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New Head of Design Cultures at the VU

Grace Lees-Maffei from the University of Hertfordshire in the UK will take over Timo de Rijk's former role as head of Design Cultures at the Vrije University in Amsterdam.

By Gabrielle Kennedy /asdf 17-10-2013

As we reported Timo de Rijk, who established the Design Cultures course at the Vrije University in Amsterdam resigned the post this August to take up a new position at Delft University of Technology and Leiden University.

Taking over that role is Dr Grace Lees-Maffei who will fly in weekly from the UK.

“I think one of the reasons I was invited to take on the visiting professorship is because Timo had been using a book I co-edited for the course,” says Lees-Maffei.  “I think in terms of curriculum they trust that there will be some continuity.”

That book – “The Design History Reader” looks at developments in design over three centuries. 

Currently Lees-Maffei is a part of the Design History School at the University of Hertfordshire.  There she teaches undergraduates graphics, illustration, and contemporary design and crafts.  She is also managing editor of the Journal of Design History.  

Speaking to Lees-Maffei is refreshingly honest.  She says her approach to teaching is probably quite different to De Rijk’s and also admits that teaching in the Netherlands thus far has taught her how British her approach is.

“It is part of my project to globalize design history,” she says,  “but being here and listening to myself in this context I realize how Anglo-centric I am.  Of course I need to tackle that immediately.”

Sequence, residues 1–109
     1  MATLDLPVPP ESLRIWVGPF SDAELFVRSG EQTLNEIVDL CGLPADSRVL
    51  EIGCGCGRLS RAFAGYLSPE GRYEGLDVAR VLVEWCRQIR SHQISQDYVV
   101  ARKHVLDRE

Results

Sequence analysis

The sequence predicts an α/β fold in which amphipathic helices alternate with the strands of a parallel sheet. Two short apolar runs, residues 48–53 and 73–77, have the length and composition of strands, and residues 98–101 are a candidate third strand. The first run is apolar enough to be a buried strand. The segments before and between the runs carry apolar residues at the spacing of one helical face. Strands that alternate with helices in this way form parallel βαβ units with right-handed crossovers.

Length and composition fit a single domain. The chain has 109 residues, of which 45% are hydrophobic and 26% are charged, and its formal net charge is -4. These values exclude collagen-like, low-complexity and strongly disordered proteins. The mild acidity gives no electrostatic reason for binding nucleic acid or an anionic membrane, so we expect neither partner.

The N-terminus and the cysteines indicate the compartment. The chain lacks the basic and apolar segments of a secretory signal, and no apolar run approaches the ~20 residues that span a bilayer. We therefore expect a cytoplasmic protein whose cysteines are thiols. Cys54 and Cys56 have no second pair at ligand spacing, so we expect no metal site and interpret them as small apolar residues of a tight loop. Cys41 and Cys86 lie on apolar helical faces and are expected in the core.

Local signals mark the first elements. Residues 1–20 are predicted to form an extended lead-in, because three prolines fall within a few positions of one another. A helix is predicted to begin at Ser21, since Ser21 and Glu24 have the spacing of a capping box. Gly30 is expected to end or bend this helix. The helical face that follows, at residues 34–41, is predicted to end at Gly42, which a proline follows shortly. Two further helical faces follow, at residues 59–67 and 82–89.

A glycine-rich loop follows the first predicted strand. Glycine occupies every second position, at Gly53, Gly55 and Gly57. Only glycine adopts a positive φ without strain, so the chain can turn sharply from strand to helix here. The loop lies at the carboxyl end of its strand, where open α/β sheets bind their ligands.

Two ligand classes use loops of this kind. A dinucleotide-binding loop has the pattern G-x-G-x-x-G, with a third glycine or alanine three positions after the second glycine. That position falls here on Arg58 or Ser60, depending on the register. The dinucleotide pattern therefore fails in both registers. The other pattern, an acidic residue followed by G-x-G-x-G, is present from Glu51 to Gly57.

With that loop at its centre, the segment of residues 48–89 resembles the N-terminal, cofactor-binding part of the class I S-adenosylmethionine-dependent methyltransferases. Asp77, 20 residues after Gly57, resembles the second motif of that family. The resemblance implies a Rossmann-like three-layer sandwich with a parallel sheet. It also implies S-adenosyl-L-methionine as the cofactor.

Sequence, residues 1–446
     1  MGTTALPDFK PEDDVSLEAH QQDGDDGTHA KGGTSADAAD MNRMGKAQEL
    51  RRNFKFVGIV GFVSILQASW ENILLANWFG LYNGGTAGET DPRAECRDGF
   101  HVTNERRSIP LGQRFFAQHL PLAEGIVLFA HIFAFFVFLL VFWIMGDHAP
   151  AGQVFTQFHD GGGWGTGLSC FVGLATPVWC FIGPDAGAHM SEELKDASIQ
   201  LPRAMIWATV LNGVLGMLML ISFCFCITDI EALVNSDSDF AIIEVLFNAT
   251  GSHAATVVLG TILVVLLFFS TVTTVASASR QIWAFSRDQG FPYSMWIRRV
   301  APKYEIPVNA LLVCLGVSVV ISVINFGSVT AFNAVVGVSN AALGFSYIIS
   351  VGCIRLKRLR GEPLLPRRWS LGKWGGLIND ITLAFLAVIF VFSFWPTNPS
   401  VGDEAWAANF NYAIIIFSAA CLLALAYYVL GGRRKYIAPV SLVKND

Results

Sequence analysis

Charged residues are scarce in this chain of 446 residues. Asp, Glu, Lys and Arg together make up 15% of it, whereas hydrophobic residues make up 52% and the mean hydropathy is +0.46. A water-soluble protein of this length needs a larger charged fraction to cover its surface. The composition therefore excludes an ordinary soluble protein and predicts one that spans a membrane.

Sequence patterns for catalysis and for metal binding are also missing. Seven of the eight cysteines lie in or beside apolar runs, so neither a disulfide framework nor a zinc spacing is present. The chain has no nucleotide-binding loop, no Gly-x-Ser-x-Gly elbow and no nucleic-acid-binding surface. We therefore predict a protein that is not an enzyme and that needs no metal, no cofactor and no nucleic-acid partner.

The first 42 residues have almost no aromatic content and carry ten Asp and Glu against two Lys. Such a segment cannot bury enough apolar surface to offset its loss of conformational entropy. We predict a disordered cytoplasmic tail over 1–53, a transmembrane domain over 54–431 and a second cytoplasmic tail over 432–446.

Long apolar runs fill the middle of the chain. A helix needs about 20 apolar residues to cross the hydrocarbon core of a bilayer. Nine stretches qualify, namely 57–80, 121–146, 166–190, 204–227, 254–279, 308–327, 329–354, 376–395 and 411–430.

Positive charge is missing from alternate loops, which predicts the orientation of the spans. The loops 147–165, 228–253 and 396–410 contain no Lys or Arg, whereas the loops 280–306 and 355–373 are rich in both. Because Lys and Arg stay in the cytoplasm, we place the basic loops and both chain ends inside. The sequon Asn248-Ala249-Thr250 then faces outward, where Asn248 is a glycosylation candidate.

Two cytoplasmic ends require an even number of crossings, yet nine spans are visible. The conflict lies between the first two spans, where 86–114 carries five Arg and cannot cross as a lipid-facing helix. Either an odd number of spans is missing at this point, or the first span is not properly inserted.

Lees-Maffei traces that Anglo-centrism back to the fact that the history of design has been pioneered by mostly British design historians.  “The literature and history produced is consequently very British, or even English to be more specific. … names like William Morris and Robin Day come up, but of course that is all British design and British commentary.  In this course that should not be central.”

Lees-Maffei is particularly complimentary of the course she inherited from De Rijk calling it “excellent”.  “The fact that it attracts students from all around the world is indicative of the status it has achieved,” she says.

Students come in as both design practitioners and commentators – the course fits both approaches.  “Some students come from designs practice backgrounds and some come from the humanities,” Lees-Maffei says.  “Graduates can go on to a more informed, enriched, contextualized design practice or they can get involved in design criticism, history and analysis.”

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